QRadar 3.0 Updates NBAD Device

Q1 Lab's graphical views enhance comprehensive network behavior anomaly detection.

June 7, 2004

3 Min Read
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In QRadar, Q1 Labs has added a threats view, which shows rate-based activity, including DoS (denial of service) attacks and scans, stealth activity and protocol misuse; an alert console and creation wizards, which give you easy access to defined Sentry alerts and a simpler way to create your own Sentries; a new report generator and scheduler, so you can define your own reports; system-monitoring features; and small but useful interface improvements.

I used a beta version of QRadar in our Syracuse University Real-World Labs® for more than two months to monitor NETWORK COMPUTING's network traffic. I like the changes, but be prepared to spend time customizing the product.

What You See

QRadar presents network traffic data graphically. You could ask for a view of all the traffic going to or coming from the local network, showing the server ports used, or a view of mostly one-sided traffic. In addition QRadar has some preconfigured views, such as flow types, ("mostly in," "mostly out," "nearly the same"), and a view that presents the flows from a collector.

The most interesting new view, though, is the threats view, which shows network-based attacks--DoS, network scans, worm activity and protocol misuse. With QRadar, I found that a number of hosts on our internal network were infected by various worms, sometimes multiple worms simultaneously. I detected Sasser by a rapid uptick in connection attempts to Port 445, which was shown in the threats view as a high-intensity scan.


• Threat view shows all network-based attacks• Reporting engine provides customizable reports• E-mail alerts sent based on system status• Enhanced user interface• Manual application definition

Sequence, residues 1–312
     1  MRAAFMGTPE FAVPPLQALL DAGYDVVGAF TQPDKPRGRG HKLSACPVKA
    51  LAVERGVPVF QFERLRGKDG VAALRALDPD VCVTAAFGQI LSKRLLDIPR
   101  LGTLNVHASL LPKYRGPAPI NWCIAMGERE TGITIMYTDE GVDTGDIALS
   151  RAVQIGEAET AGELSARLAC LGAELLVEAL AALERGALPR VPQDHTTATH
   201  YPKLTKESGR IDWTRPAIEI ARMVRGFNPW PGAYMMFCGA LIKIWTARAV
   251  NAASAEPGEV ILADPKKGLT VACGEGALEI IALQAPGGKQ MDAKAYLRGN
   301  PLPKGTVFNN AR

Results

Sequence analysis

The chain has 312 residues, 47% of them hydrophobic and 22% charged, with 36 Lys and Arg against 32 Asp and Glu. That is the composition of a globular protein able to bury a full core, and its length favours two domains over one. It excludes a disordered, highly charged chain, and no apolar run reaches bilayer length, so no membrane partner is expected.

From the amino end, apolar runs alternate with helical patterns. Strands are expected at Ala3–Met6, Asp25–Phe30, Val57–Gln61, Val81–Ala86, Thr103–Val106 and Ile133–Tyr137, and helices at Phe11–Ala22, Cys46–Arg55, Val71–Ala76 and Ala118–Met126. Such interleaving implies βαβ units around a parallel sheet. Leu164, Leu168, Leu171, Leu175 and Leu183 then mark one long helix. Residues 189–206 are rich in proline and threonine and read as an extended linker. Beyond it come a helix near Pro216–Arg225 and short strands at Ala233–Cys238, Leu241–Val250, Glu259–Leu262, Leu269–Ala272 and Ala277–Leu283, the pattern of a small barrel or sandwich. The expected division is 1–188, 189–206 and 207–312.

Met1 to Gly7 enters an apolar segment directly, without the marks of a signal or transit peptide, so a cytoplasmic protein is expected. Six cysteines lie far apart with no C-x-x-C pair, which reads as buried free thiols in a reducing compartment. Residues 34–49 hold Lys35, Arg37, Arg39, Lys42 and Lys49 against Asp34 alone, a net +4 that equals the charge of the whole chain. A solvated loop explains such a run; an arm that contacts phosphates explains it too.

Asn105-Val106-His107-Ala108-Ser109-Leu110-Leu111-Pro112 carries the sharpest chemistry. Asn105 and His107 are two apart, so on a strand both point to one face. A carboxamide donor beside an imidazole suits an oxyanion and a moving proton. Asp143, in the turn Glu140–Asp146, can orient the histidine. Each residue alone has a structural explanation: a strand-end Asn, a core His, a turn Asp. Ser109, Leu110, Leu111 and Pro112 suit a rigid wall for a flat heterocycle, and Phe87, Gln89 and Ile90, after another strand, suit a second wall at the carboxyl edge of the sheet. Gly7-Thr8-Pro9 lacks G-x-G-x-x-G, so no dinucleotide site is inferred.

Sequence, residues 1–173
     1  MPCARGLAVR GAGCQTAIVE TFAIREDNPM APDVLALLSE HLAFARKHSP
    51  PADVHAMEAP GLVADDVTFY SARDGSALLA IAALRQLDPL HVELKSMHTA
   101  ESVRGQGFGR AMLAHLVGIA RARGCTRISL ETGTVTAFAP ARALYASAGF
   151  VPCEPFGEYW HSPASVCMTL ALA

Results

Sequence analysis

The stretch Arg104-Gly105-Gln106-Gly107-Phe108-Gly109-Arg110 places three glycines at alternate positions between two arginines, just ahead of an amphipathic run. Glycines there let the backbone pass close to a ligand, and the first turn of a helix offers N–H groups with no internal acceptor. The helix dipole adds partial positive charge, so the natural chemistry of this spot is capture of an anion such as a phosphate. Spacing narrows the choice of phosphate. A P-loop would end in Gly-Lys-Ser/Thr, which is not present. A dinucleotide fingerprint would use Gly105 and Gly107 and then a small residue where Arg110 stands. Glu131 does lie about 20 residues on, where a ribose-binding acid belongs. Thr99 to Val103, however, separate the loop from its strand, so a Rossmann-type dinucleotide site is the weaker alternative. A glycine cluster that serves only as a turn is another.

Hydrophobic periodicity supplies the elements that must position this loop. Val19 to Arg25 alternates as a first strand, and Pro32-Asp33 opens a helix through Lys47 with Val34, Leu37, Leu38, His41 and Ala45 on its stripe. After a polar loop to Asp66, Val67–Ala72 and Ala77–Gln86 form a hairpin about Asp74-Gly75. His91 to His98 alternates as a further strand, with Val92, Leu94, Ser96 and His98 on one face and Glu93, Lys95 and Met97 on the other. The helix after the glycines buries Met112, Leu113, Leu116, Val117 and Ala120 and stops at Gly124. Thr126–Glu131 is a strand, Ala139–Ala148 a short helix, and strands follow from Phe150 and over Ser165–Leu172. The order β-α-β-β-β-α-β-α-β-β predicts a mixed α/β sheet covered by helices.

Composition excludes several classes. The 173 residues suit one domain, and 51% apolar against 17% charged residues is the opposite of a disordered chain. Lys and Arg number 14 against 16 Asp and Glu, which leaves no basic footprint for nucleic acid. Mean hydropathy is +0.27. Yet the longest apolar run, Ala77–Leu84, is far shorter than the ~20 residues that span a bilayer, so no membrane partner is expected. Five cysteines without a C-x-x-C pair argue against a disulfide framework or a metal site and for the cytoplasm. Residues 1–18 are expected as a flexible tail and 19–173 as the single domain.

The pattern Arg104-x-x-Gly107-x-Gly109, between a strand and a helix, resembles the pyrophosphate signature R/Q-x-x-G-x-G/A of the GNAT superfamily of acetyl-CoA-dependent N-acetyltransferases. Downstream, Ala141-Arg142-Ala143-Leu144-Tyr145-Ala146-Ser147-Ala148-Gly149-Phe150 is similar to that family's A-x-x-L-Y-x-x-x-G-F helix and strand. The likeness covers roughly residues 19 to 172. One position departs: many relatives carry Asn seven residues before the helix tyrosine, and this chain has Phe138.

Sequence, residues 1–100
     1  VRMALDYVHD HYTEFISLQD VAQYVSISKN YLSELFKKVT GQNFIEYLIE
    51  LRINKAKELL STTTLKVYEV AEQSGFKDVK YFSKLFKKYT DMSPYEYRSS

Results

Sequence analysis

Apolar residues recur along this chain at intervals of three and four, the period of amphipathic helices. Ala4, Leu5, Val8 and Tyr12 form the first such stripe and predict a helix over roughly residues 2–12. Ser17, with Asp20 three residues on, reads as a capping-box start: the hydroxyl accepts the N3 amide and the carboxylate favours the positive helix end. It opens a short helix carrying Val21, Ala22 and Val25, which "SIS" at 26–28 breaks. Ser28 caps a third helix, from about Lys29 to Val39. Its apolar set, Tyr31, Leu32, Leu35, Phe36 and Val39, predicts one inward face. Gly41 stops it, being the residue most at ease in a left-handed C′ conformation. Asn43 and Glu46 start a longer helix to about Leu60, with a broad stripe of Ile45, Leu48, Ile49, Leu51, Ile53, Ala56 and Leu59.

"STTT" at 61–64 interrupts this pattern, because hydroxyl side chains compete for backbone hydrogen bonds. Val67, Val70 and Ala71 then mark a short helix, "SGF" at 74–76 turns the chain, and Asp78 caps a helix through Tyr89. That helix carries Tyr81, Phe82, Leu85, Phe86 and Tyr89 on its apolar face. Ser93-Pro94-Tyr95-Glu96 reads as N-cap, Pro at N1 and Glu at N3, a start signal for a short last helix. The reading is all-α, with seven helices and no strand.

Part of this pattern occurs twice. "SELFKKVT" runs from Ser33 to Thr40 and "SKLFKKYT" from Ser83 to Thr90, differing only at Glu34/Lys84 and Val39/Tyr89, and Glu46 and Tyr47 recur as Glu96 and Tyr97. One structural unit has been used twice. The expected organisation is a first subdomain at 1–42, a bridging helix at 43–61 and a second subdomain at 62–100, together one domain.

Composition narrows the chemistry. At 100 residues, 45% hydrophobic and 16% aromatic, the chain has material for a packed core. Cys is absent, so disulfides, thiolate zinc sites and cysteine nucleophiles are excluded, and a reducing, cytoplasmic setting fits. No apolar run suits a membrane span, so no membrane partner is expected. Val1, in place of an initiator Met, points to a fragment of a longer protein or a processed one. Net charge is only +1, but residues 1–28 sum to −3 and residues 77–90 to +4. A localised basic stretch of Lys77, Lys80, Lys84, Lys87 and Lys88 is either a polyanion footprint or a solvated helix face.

• Application definitions don't use captured data• Time-consuming customizable configuration

QRADAR 3.0, starts at $25,000. Q1 Labs, (888) 471-5800, (781) 250-5800. www.Q1Labs.com

Alerts Made Easy

To define alerts with QVision 2.1, you had to define bookmarks manually to link to sentries. But with QRadar, I could add an alert by simply navigating to the appropriate view, and the Sentry wizard walked me through the process.QRadar offers four types of sentries: Behavior sentries look for changes in network behavior over time; anomaly sentries learn what normal behavior is and then alert on abnormalities; policy sentries alert on detected traffic; and threshold sentries alert on defined traffic thresholds. In my tests, I created a policy sentry to detect client connections to TCP server Port 2745 and found another worm--the Beagle.

Sentry alerts show up in the alert console (see screen, page 32). Alerts are organized by a combination of factors: weight, the network object (in this case subnet-92), the package (OtherOneSidedFlows High) and the Sentry (Worm_policy _all), with the highest weights presented first.

The alert console displays two graphs: One shows traffic at the time the event occurred; the other, real-time network activity/traffic. For further analysis, you can drill down into either graph. Eventually you can dismiss an event or send the alert to other QRadar users.

Reporting In

QRadar's customizable reporting system lets you define and schedule reports. I wanted a daily report on the threats QRadar detected, so I selected that view. In the report window, two layers--host count and packets--are exposed or hidden. I scheduled the report to be run daily at midnight and requested it as an Adobe PDF file in an e-mail. Reports can be sent as XML and CSV (comma separated value) files, too.Although the reports aren't detailed, they provide a good overview of network traffic. Reports also can be created on the current view and can trend as far back as 30 days.

QRadar's interface includes options on the right-click menus, adjustable time periods for data mining and a network diagram based on network definition. However, the interface lacks an application definition, and there's no an easy way to build app signatures from packet capture in the data-mining view.

Because QRadar offers a view of network traffic that a NIDS won't show, it can be used by network admins for traffic monitoring and as a basis for capacity planning.

Mike Fratto is editor of sister publication Secure Enterprise. Write to him at [email protected].

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